Some very interesting news from Harry Reid’s conference call with reporters just now: Reid confirmed that he will continue to force Senate Republicans to vote again and again on jobs policies that are funded by the popular surtax on millionaires.
Reid announced that the Senate would vote in early November on the next provision in Obama’s jobs bill: The Rebuild America Jobs Act. The plan would create a national infrastructure bank and would invest $50 billion in upgrading highways, rail, and bridges, with the goal of putting thousands of construction workers back on the job, and would be paid for by a 0.7 percent surtax on income in excess of $1 million.
Beyond these specifics, though, what was particularly of interest was that Reid said Republicans would face many more votes on measures funded in this fashion. And he repeatedly argued that Republicans who oppose funding jobs policies this way are at odds with the America people, Republican voters included.
“The Senate GOP has had a love affair for many years now with Grover Norquist — they will not touch any new revenues,” Reid said. “They are not in touch with reality or their own constituents. But they are in touch with Grover Norquist.”
In a particularly interesting moment, reporters repeatedly pressed Reid to explain why he was going to force Republicans to vote this way, given that they have already said they’ll never support raising taxes. (It would be nice to see these reporters question Republicans as aggressively on why they won’t back policies that even GOP voters like, but that’s probably expecting too much.) But Reid refused to give ground, again and again pointing out that the public is on the side of Dems, and against Republicans, on this issue.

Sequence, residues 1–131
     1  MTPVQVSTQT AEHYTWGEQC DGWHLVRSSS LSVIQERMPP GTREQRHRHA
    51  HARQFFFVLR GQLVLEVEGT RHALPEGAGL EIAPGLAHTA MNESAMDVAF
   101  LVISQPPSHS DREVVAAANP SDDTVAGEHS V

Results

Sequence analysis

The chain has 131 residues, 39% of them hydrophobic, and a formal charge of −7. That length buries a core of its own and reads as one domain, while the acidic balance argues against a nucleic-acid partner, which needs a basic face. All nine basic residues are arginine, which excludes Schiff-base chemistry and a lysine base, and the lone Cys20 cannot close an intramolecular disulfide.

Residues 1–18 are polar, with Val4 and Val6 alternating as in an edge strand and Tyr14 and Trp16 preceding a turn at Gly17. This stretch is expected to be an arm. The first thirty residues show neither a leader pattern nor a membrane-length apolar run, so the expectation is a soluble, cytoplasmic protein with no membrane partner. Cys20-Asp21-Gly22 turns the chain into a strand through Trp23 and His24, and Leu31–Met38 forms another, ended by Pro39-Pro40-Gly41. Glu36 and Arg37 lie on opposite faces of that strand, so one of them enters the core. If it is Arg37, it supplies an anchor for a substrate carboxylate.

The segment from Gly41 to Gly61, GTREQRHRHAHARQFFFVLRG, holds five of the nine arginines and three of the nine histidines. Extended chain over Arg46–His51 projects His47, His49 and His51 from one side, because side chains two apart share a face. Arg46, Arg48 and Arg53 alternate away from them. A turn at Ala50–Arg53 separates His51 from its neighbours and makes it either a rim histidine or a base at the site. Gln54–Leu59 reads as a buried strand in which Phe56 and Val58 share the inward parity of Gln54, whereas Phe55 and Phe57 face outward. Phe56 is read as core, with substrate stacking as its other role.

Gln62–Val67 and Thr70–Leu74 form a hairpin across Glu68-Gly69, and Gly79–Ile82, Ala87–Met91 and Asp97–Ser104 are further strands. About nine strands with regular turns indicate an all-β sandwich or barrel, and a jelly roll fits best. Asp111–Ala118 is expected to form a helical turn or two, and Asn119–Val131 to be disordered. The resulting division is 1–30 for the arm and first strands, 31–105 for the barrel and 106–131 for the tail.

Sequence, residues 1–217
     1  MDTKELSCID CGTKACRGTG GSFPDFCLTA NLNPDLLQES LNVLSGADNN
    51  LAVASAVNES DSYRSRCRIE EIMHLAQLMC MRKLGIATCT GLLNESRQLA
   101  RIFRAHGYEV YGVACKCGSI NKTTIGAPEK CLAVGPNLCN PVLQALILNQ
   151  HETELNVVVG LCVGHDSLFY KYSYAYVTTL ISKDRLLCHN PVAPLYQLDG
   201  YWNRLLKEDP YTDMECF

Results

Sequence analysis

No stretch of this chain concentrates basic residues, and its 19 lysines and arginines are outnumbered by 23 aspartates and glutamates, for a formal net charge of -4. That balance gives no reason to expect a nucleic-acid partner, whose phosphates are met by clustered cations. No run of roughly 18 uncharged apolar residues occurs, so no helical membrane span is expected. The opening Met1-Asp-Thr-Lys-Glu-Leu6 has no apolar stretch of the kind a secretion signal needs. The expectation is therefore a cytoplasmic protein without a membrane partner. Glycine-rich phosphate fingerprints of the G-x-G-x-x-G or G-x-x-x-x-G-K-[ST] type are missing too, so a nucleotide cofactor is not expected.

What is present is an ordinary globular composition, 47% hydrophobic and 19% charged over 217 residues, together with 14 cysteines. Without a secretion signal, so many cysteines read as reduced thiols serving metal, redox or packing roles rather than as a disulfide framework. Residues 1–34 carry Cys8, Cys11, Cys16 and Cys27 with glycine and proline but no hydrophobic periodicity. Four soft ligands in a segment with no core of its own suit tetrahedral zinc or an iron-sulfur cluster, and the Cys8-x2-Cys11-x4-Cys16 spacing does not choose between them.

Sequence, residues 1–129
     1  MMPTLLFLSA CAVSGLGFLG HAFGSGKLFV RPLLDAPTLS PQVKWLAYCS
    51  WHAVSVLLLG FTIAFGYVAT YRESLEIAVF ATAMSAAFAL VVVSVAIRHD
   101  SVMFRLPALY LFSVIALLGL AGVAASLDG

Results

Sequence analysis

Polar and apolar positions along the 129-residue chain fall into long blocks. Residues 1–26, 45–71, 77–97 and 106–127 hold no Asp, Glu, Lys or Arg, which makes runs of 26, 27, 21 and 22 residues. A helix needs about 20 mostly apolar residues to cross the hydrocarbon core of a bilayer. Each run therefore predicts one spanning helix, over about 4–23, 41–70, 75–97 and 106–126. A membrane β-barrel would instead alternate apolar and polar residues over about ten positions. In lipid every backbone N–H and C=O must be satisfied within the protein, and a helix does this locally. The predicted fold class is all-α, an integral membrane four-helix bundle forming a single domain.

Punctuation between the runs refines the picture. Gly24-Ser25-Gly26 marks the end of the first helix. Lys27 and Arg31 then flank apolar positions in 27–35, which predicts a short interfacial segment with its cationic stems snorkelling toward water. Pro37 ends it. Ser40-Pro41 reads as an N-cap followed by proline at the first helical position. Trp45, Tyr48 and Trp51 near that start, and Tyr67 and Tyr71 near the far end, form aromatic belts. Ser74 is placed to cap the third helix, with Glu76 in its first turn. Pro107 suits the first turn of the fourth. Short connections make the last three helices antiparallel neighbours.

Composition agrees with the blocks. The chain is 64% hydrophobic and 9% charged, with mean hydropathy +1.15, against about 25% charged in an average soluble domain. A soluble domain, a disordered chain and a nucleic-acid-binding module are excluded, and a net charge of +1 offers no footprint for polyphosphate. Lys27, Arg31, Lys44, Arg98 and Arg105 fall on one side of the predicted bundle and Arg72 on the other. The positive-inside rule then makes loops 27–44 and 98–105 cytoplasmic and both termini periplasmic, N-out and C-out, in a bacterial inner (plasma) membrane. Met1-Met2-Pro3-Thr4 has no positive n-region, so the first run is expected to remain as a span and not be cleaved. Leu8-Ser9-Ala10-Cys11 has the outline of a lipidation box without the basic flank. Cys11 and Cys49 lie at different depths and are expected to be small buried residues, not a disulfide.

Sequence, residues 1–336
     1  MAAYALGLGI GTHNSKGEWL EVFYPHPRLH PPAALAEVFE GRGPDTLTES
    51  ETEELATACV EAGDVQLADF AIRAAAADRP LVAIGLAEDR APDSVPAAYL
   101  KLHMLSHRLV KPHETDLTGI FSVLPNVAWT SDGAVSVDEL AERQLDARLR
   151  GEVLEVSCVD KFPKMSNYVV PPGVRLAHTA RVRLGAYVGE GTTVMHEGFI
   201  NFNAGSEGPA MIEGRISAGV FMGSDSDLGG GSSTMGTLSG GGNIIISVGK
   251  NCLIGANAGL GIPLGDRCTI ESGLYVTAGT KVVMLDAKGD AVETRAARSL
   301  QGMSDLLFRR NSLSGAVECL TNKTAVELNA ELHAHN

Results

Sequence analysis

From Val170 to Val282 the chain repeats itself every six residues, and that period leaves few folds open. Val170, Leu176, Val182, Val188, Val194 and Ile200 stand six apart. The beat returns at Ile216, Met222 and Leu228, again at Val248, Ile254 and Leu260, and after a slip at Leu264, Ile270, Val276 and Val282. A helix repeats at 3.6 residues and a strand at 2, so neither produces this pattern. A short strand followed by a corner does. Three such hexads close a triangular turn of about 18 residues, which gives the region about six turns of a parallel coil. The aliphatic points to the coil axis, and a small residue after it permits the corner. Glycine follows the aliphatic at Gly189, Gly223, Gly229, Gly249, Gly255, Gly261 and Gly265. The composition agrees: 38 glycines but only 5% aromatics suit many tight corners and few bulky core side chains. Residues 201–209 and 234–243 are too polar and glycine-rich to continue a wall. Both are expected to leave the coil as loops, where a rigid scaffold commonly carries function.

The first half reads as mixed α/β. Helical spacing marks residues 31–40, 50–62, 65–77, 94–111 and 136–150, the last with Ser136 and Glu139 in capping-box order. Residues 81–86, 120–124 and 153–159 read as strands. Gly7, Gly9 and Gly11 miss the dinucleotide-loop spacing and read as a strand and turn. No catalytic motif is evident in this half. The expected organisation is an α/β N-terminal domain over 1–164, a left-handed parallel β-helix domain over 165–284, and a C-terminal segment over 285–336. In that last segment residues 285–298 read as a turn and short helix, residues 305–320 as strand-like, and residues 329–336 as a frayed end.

“The Republicans in the Senate are the only group of people in America that feel this way,” Reid said, in a reference to their opposition to the millionaire surtax. “Around the country, Democrats, independents, and Republicans support what we’re trying to do.” As it happens, large majorities also support increased infrastructure spending — including of GOP voters.
If the showdown is going to continue over this, as Reid says it will, perhaps it’s time to renew attention to how many millionaires in each state would be impacted by this surtax, which only taxes income over $1 million. It seems like this should be more central to the discussion.
As I noted below, the current dynamic is such that Republicans benefit politically from blocking jobs policies that the American people support. Can this change? As Steve Benen puts it: “The task at hand is communicating who deserves credit for fighting to make things better, and who deserves blame for standing in the way.”
Indeed, there’s really nothing else Dems can do at this point other than continue hammering away at Republicans for obstructing the will of the American people, in hopes of breaking this dynamic.